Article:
I must say, after having played the first Apprentice game, I wasn’t expecting much of anything. The first Apprentice game was awkward and amateurish in its approach – it was hardly worth mentioning, so to speak. After having played through the entire game in an evening, I must say I’m pleasantly surprised. I’m not particularly impressed, but I am pleasantly surprised.

The Apprentice – Los Angeles (TA-LA) is a almost typical time management game in the vein of Diner Dash and Cake Mania. What it also tries to do is be BOTH of these games. The graphics are in the same style of <Snowy’s Lunch Rush, if you’ve played it, and both the animation and all the myriad skins are very well done. Since the tagline is “3 games in 1,” there are also 3 times as much graphic work that goes into this game, so you’re buying a whole lot of production value in this game. The music and sounds are very well polished as well. On a first look, this is a very nice looking game.

On top of this bit of eye candy, there are also multiple characters to choose from. Your character portrait as well as the actual in game character can be chosen so there is no more playing as Flo or Sandy. You can play as you. Every character who plays against you in the game – there is a slew of them – also has their own biographies and their exit lines. Although you wonder why so much work has been put into it since you never see them. What team? I feel like a one-woman army.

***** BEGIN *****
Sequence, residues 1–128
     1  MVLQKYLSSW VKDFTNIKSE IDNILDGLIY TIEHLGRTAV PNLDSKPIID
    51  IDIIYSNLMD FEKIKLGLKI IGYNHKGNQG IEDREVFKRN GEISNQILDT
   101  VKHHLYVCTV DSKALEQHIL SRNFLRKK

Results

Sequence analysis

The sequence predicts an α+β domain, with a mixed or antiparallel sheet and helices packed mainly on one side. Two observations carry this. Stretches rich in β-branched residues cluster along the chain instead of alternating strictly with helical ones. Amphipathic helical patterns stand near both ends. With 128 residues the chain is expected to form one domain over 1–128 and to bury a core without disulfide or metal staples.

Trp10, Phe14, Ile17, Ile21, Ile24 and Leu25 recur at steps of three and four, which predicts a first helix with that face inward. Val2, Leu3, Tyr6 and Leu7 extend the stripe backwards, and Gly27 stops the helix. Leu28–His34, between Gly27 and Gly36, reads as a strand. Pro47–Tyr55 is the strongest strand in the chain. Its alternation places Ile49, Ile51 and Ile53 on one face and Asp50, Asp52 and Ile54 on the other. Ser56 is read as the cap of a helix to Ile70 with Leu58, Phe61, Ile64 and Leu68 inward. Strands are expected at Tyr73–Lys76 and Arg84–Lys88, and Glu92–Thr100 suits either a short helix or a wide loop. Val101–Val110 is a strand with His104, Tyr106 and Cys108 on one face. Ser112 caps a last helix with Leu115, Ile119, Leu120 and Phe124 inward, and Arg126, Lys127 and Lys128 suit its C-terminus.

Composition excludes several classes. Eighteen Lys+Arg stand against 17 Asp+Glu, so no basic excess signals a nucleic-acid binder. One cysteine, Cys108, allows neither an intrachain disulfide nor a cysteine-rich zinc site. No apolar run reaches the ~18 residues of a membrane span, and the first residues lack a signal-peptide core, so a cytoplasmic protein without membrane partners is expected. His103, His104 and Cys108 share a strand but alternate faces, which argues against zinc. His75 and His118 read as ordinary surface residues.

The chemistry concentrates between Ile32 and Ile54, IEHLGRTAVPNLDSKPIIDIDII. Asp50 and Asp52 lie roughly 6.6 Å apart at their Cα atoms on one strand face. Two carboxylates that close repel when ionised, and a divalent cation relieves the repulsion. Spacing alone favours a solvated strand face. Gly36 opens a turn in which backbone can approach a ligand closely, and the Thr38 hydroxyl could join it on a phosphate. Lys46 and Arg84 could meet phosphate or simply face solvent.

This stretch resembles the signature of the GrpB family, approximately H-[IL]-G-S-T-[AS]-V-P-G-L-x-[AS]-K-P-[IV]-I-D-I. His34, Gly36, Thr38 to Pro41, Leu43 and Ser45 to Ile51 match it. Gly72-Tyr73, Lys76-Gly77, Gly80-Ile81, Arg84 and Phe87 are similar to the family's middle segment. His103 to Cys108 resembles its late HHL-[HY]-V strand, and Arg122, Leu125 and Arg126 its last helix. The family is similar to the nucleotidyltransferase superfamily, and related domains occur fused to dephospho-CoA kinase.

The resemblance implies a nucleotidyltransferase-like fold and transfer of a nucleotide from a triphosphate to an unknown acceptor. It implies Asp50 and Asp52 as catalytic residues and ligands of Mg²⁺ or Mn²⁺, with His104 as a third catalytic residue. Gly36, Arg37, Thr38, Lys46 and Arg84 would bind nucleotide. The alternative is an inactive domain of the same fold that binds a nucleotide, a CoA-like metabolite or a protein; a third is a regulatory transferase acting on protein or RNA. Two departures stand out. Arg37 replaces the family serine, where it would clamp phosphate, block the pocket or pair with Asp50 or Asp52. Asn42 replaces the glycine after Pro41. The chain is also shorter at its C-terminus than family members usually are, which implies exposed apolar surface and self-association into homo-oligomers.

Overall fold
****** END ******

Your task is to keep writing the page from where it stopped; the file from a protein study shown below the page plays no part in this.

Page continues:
There are three different locations that upgrades without your intervention. They’re all beautifully made. The sushi restaurant plays like Cake Mania – if the cakes are only two layers deep. The other modes are basically the same, with minor differences. In the boutique you have to take the cash to the register and your customers will want to use a changing room. At the beach you need to keep track of a list of returns. Hollywood stage, the last stage, is essentially a combination of the sushi bar and the Beach shop.

However, beauty is only skin deep. TA-LA is possibly the most dumbed down time management game I have ever played next to Belle’s Beauty Boutique. Here are a few things that you might want to think about, and how they can take away from a game in this genre. In TA-LA:

  • Your character can only handle ONE thing at a time. One plate, one dress, one object.
  • There are no different customer types. All the differences are purely cosmetic.
  • If you make a mistake and throw away something, it will not take away points.
  • There are no power-up items to sate your customers’ impatience.
  • There is no color matching bonus. Your customers are seated for you.
  • There is also no chain-reaction bonus.
  • There is no reward system in between missions.

So what does that leave us? A click-fest, that’s what. The faster click and dragger wins the game. There is almost no strategy involved aside from trying to make your character move as little as possible. In making this game look so amazingly good, the developers have taken away pretty much everything that makes this genre fun. It also made it extremely easy for people of great mouse-dexterity (like me) and extremely hard for people who isn’t quite as fast.

If you enjoy a good click-fest, this might be the game for you. However, if you’re looking for the next Diner Dash or Cake Mania, you’re better off looking elsewhere. TA-LA has no violent elements, but it’s much for fast for little eyes and hands. The levels do not save mid-way so you’ll have to restart a level if you exit. It’s a 5 minute game that you’re likely to finish within a few hours.